In a recent study, Yahoo! and consumer information group Nielsen revealed that:
1. There are now 20 million Filipino users of the Internet.
2. The majority of Filipino Internet users range in ages from 10 to 29.
3. Twenty eight percent of Filipinos in National Urban Philippines have accessed the Internet in the past month. Five percent access the Internet every day.
4. Internet usage is particularly higher among the younger segment. Fifty percent of those below 20 years old have accessed the Internet in the past month, with the following breakdown: 10-19 years old (50%); 20-29 years old (41%); 30-39 years old (19%); 40-49 years old (12%); and 50+ years (3%).
5. Internet use is not restricted to the big cities like Metro Manila. Other cities are experiencing Internet growth. For example, 35% of Filipinos in Cagayan de Oro have accessed the Internet in the past month.
6. Filipino Internet users are more likely to be opinion leaders and early adopters compared to traditional media consumers. They are likely to be individualistic, trend conscious, willing to pay for quality products and tech-enthusiasts. They also look for advice online before buying new things.
7. Internet cafes are an important access point. Seventy one percent have accessed the Internet from Internet cafes in the past three months. Forty seven percent of all Internet time are spent in Internet cafes.
8. More Filipinos, especially the younger population, are favoring the Internet more than television and print. TV viewership declined from 98 percent in 2007 to 92 percent in 2008, out of 1,200 people sampled. Readership of newspapers also showed a decline from 19 to 15 percent between 2007 and 2008. Magazine readership also went down from 16 percent in 2007 to just seven percent in 2008.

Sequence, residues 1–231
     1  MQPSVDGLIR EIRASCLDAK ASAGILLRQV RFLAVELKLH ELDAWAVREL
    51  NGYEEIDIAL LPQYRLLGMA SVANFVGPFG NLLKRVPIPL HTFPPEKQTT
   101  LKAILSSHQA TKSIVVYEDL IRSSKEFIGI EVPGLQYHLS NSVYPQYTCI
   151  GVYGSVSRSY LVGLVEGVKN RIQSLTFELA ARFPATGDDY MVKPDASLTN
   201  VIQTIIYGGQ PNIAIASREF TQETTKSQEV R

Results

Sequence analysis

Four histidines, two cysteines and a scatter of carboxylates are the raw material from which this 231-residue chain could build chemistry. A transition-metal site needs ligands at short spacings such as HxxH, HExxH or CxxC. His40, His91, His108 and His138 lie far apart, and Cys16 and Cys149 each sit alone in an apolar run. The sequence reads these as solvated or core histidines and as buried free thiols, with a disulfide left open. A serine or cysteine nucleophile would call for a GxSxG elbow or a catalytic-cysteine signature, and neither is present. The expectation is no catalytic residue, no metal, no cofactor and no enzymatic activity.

9. The most common online activities for Filipino Internet users are e-mail (63%), Instant Messaging (63%) and Search (58%), followed by searches (58%), playing games online (53%), social network site (51%), download/upload of digital photos (42%), Internet radio (28%), down-/upload music files (25%), read news online (24%), Internet SMS (23%), online banking (3%), purchased products online (3%).
10. One in three Filipino Internet users have a blog.
11. Social networking is a key online activity with 51% of the survey respondents claiming to have visited a social networking site in the past month.
Helping fulfill the Great Commission through the Internet
Please read my posts “An Open Letter from Internet Evangelism Day about Web Ministry Training” and “Reaching the world for Christ through Internet evangelism and cybermissions.”
Some of the web evangelism seminars from the Web Ministry conference are now available to watch online by video and Powerpoint. (These videos are best viewed using Internet Explorer. Some users have experienced problems loading the videos when using Firefox.) The seminar topics are:
- Evangelism and Mentoring: Building Relationships That Change Lives, by Karen Schenk, Truth Media
- The Power of Personal Testimony, by John Sorensen, Evangelism Explosion
- Reaching Your Community Through A Church Website, by Brent Purves and Cam Hall
- The Edges Of Cyberspace, by John Edmiston, Antioch Internet Bible International
- Rethinking Internet Evangelism And Online Ministry, by Robby Richardson, Gospel Communications, International
- Evangelism In SecondLife, by Debra Brown, Brown Governance
If you want to learn more about how the Internet is impacting society from the point of view of a secular psychologist, please read “The Psychology of Cyberspace” by John Suler, Ph.D. Department of Psychology, Science and Technology Center, Rider University. Among Suler’s interesting articles are: